“If you severed your femoral artery, they wouldn’t put you on a bus with a tourniquet and send you to Prince George for vascular surgery.”––James Cordeiro
Last week, Premier David Eby lobbed a lifeline to northern residents, committing his government’s support to a First Nations-led, local government-backed detox proposal for Terrace, in what would be an unprecdented first for the northwest region.
“There’s a very concrete proposal on detox in the Terrace area,” Eby told media on the last day of the Union of BC Municipalities’ annual conference. “It’s being advanced by Indigenous leadership and local leadership in the Terrace area, recognizing a gap in services there that is hugely needed. And we’re engaged directly with them around supporting that proposal.”
The original project concept envisioned by the Northern First Nations Alliance proposed relying heavily on existing infrastructure to serve hundreds of people a year via medically assisted detox beds, a mobile withdrawal unit, a residential treatment and recovery centre, and a sober-living house. The project is supported by the alliance’s member nations – Haisla, Kitkatla, Kitselas, Kisumkalum and Nisga’a – and local municipal and regional district governments in the northwest, including the host city of Terrace.
According to Haisla chief councillor Crystal Smith, the alliance is a collaboration between the nations to share resources and mutual vision to improve the lives of their community members. The group tried for more than a year to draw provincial government atention to the proposal, including when they presented the idea during 2022 Budget consultations last June. Until Eby’s announcement last Friday, they didn’t appear to be making much progress.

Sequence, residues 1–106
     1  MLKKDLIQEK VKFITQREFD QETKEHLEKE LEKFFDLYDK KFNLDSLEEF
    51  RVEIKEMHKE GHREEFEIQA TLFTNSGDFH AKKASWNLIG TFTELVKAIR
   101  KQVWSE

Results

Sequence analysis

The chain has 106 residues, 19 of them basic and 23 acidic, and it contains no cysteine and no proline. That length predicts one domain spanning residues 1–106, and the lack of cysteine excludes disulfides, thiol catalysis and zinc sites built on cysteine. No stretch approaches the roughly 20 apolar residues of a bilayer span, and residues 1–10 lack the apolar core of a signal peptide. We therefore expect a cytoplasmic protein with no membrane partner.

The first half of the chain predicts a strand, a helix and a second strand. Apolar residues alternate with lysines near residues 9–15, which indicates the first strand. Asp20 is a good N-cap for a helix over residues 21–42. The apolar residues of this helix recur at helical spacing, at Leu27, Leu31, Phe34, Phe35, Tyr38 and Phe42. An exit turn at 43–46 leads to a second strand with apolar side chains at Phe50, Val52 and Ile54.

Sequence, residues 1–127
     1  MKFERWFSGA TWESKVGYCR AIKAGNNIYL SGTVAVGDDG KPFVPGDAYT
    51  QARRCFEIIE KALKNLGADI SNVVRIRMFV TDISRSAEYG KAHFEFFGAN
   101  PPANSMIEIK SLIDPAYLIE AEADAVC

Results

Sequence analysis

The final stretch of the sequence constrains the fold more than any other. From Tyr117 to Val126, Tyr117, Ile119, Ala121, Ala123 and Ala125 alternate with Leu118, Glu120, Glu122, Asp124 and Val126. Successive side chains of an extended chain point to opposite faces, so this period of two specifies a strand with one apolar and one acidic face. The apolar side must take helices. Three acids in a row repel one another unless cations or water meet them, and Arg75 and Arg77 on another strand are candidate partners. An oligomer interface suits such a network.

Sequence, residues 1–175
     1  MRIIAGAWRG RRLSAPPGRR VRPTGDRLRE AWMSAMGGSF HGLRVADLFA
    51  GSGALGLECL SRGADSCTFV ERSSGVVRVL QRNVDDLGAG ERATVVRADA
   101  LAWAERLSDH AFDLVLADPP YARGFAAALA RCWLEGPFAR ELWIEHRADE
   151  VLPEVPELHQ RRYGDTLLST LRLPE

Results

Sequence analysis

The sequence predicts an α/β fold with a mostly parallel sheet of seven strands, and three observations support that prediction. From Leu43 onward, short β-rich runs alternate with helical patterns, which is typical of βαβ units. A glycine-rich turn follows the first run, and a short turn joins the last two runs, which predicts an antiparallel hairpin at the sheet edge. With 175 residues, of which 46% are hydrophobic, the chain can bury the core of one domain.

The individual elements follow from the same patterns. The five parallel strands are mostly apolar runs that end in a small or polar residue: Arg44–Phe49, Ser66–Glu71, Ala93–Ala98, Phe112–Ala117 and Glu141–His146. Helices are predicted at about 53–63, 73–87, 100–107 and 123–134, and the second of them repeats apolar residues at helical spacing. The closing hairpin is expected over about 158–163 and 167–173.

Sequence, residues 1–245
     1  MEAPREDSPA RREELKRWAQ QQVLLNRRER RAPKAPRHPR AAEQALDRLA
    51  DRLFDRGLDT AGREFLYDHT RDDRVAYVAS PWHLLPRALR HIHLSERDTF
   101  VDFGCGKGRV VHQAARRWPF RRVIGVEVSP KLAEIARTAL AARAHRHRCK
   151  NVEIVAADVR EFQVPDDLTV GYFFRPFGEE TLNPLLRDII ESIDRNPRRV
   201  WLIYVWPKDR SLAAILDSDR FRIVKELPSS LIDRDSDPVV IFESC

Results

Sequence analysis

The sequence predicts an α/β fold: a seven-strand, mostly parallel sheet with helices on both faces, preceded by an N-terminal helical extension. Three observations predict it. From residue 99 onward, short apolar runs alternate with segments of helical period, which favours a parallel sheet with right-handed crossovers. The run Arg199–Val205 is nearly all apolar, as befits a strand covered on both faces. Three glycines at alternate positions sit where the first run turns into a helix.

While the “detox” proposal mentioned by the premier falls short of the original land-based residential detox, treatment and recovery program proposed by the alliance, elected local representatives embraced it as a vitally important first measure in the region.
As Terrace mayor Sean Bujtas pointed out, all services start with detox. “You can’t get to treatment if you don’t detox.”
City councillor James Cordeiro concurred, saying detox is what the community needs right now.
“From the perspective of the doctors that we have in our group, if they could just get people stabilized then they’ll worry about getting them to treatment once they’ve been stable,” Cordeiro said. “But if they’re not stable, to send them out of town to get stable, it’s just not worth the risk.”
Terrace, a hub for the unhoused
“A detox centre is a first step. Then they need a place to heal themselves,” said Arthur Renwick, former Haisla deputy chief and chair of the Alliance’s health and wellness committee, in an earlier interview.
And while nearly every community in B.C. needs more mental health and addictions services, people in the northwest are in dire straits, Renwick said at the time.
“Terrace is in the beginning stages of becoming the Main and Hastings of the North,” he said.
A hub city, Terrace attracts traffic from surrounding communities for its healthcare, shopping, entertainment and transportation services. Beyond its 12,000 residents, the city serves a larger regional district population of nearly 20,000 people.